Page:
Population viability analysis

Population viability analysis (PVA) is a species-specific method of risk assessment frequently used in conservation biology. It is traditionally defined as the process that determines the probability that a population will go extinct within a given number of years. More recently, PVA has been described as a marriage of ecology and statistics that brings together species characteristics and environmental variability to forecast population health and extinction risk. Each PVA is individually developed for a target population or species, and consequently, each PVA is unique. The larger goal in mind when conducting a PVA is to ensure that the population of a species is self-sustaining over the long term.[1]


Population viability analysis (PVA) is used to estimate the likelihood of a population’s extinction and indicate the urgency of recovery efforts, and identify key life stages or processes that should be the focus of recovery efforts. PVA is also used to identify factors that drive population dynamics, compare proposed management options and assess existing recovery efforts [2]. PVA is frequently used in endangered species management to develop a plan of action, rank the pros and cons of different management scenarios, and assess the potential impacts of habitat loss.[3]


In the 1970s, Yellowstone National Park was the centre of a heated debate over different proposals to manage the park’s problem grizzly bears (Ursus arctos). In 1978, Mark Shaffer proposed a model for the grizzlies that incorporated random variability, and calculated extinction probabilities and minimum viable population size. The first PVA is credited to Shaffer.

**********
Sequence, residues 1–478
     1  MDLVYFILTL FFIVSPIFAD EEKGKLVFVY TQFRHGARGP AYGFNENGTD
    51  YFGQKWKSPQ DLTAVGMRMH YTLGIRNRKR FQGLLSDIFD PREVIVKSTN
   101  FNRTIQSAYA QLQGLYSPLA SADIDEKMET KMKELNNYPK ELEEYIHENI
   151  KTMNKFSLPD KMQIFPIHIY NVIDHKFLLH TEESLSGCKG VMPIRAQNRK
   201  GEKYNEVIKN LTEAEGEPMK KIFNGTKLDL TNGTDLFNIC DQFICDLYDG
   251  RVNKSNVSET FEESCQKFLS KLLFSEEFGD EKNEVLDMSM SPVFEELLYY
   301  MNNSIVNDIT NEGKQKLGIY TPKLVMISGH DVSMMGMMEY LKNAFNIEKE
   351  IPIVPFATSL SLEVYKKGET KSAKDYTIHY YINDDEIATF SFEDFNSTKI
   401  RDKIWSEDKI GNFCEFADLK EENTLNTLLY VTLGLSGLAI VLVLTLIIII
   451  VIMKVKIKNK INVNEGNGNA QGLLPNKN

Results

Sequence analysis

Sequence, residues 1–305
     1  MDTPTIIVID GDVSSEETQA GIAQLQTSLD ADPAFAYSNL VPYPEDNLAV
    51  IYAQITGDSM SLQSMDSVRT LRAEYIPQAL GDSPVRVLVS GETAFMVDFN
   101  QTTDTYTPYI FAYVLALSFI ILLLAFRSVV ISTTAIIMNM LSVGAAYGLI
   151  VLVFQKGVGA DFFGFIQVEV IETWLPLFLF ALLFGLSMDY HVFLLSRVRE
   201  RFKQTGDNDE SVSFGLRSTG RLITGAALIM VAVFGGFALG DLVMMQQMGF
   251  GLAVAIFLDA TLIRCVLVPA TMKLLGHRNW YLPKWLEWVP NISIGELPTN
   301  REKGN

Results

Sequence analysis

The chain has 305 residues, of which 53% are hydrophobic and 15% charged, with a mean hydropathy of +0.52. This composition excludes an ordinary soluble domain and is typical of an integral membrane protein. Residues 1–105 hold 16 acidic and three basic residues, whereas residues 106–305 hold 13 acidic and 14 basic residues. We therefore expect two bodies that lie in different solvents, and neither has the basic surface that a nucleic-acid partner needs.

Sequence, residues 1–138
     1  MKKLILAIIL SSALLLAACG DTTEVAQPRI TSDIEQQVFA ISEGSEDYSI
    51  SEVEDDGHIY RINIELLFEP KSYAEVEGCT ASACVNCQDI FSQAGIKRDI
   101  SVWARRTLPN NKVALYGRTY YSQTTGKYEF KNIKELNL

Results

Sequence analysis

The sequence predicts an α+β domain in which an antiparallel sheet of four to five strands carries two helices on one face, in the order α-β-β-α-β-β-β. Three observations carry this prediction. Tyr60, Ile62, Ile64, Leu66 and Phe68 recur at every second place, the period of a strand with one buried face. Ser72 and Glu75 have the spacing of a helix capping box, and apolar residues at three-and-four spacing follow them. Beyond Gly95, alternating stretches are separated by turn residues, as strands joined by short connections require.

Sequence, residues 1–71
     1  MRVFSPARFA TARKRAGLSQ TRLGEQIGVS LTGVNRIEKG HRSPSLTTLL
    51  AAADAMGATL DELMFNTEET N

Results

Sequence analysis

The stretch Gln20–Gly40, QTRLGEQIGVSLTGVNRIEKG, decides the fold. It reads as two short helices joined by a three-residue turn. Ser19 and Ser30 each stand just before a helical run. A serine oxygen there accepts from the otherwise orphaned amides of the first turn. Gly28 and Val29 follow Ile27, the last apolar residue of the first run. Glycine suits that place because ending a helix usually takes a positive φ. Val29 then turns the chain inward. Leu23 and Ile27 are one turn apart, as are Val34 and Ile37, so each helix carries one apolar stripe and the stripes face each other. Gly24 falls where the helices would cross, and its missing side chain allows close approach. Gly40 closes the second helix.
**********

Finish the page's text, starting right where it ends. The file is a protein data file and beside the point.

PVA gained popularity in the United States as federal agencies and ecologists required methods to evaluate the risk of extinction and possible outcomes of management decisions, particularly in accordance with the Endangered Species Act of 1973, and the National Forest Management Act of 1976.

In 1986, Gilpin and Soulé broadened the PVA definition to include the interactive forces that affect the viability of a population, including genetics. The use of PVA increased dramatically in the late 1980s and early 1990s following advances in personal computers and software packages.


The endangered Fender's blue butterfly (Icaricia icarioides) was recently assessed with a goal of providing additional information to the United States Fish and Wildlife Service, which was developing a recovery plan for the species. The PVA concluded that the species was more at risk of extinction than previously thought and identified key sites where recovery efforts should be focused. The PVA also indicated that because the butterfly populations fluctuate widely from year to year, to prevent the populations from going extinct the minimum annual population growth rate must be kept much higher than at levels typically considered acceptable for other species.[4]